ESG? – don’t take anyone’s word for it!


We employ asset managers for a reason

The reason we employ asset managers is that they are better at investing our money than we are ourselves. They can do the job more time and cost effeciently , execute our wishes more accurately and provide better financial outcomes in terms of income and capital returns than we can ourselves.

Nevertheless, in employing someone to invest for us, we are moving one stop away from the coalface and have to accept someone else’s word for it.

When the brief is just about maximising returns then the conversation with the asset manager is quite easy, finding out if the strategies worked is simple enough, there are metrics in place to benchmark performance and means to compare the impact on the pure return of the local costs and charges incurred by the manager.

But when the brief is to invest according to values, then matters get a lot more personal. The rating given by one analyst to Tesla might be based on the way the company treats people, another analyst might weight Tesla according to the impact its products have on the environment

The electric carmaker is rated in the bottom 10 per cent of all companies by one rating agency (JUST Capital) but receives an “A” grade from another (MSCI). It is easy to see how investors looking at this might be left scratching their heads.

We employ asset managers to make sense of the noise.

While some asset managers make sense of the noise – most don’t

Share Action, which has campaigned for a decade for asset managers to engage with basic human rights discover that most still only pay lip service to how workers in the third world are treated.

It is clear , reading Share Action’s report that not all asset managers are the same and that the best, which include UK managers LGIM and Aviva are followed by a long and toxic tail.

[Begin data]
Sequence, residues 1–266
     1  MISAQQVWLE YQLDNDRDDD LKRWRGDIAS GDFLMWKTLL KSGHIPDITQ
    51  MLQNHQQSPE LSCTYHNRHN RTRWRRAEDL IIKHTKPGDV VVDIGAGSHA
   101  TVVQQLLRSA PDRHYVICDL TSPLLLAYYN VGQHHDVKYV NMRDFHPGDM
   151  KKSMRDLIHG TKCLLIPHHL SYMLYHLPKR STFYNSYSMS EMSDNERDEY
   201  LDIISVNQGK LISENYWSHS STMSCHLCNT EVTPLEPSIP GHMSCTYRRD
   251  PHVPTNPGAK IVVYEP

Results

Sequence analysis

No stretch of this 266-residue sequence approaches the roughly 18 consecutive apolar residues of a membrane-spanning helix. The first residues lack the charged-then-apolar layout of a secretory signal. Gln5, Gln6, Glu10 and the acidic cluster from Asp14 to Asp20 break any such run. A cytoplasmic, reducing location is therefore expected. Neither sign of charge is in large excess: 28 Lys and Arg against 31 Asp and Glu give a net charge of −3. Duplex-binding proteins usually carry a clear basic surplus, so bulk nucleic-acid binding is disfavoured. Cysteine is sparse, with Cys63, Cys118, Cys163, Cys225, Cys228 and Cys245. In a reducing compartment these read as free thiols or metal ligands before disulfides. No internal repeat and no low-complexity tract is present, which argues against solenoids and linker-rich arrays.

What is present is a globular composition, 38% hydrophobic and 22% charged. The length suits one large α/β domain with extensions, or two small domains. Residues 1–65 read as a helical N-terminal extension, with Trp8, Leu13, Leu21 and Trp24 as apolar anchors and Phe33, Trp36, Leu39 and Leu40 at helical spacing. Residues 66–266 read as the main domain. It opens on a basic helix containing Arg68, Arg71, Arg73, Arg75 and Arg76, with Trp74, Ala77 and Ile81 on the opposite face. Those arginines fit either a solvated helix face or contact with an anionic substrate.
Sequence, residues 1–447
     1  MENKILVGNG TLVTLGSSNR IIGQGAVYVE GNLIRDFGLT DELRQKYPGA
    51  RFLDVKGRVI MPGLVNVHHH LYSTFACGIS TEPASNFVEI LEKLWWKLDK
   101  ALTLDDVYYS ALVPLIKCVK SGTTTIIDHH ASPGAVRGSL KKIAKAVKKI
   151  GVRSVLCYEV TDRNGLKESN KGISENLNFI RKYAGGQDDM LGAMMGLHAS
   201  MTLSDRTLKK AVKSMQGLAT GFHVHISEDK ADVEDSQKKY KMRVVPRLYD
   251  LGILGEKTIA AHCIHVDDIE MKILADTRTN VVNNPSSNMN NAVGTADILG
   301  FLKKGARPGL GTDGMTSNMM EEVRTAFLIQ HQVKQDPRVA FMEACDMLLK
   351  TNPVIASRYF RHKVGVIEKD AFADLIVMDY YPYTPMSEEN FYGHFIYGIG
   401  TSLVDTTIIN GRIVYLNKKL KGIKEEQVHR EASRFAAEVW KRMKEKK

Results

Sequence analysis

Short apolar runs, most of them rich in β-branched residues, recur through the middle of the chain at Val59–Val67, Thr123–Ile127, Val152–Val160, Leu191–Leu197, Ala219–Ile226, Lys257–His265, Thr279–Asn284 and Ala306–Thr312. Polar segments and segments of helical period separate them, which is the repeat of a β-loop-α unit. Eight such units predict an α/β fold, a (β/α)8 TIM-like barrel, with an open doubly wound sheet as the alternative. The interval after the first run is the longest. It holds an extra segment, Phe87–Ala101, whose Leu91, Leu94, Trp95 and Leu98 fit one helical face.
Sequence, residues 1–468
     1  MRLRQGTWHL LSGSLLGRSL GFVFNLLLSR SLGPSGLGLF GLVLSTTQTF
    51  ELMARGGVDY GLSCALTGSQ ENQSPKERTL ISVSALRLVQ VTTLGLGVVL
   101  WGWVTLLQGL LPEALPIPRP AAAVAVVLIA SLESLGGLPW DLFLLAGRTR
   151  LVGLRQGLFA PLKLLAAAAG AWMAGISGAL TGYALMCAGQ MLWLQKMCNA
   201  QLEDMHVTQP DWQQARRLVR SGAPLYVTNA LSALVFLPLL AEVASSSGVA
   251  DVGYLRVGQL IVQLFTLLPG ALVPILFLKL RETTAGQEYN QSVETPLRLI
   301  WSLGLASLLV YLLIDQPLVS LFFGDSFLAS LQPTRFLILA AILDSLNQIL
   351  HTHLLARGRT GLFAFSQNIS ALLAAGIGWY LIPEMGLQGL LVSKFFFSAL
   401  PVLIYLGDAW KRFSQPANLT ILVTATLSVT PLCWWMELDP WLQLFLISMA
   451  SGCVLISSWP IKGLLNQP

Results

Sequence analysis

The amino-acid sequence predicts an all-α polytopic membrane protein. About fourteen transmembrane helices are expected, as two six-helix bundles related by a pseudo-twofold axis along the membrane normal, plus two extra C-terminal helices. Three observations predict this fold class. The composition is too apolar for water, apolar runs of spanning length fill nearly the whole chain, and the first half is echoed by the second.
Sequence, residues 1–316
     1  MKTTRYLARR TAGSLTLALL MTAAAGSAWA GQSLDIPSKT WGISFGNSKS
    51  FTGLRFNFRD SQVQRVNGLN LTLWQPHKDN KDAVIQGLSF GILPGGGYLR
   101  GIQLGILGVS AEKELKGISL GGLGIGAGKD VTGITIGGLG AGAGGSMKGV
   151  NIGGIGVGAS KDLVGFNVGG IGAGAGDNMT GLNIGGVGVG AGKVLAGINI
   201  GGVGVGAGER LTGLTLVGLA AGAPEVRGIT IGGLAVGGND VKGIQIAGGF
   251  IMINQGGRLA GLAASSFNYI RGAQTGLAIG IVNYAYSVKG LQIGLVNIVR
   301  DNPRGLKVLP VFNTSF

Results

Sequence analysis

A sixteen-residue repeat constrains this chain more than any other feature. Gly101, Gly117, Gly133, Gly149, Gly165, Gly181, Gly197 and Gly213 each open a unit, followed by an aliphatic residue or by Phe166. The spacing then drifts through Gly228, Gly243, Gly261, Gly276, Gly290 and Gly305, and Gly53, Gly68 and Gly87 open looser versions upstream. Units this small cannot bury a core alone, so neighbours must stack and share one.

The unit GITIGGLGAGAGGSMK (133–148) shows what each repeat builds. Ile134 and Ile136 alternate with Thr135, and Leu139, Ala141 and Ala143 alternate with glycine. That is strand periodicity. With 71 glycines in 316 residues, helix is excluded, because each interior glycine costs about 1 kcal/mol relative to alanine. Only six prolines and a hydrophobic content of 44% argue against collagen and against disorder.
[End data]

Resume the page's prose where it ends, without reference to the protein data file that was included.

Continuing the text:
When it comes to picking who should manage our assets , we need an independent assessment because in the race to virtue – not everyone obeys the rules!

The race to virtue..

Annoyingly, we start out with a broad concept like “responsible investment” or “FTSE for good” , narrow down to Environmental, Social and Governance and soon find ourselves involved in heated debate about “green washing”.

There is sufficient “fake news” about ESG, that intermediaries are now employed to separate “noise” from “action” and we start judging ESG managers by their capacity not to be gulled by the management of the companies they invest in.

Everyone now knows that if you can convince investors that you have embedded ESG into your working practice you are more investable than your rival who hasn’t and we find ourselves caught up in the corporate “race to virtue”.

Leads to more regulation?

So within a few years of our first hearing about ESG, we can read Steven Maijoor, chair of the European Securities and Markets Authority (ESMA)  in the FT

Companies that certify information on (ESG) criteria need “strong registration and supervision to prevent greenwashing. Personally, I believe that, where ESG ratings are used for investment purposes, [accrediting] rating agencies should be regulated and supervised appropriately by public sector authorities.

The FT rightly points out that the standardisation of analysis does not always lead to good analysis (witness the analysis of CDIs that allowed the housing finance crisis in 2008 to blow up the financial system).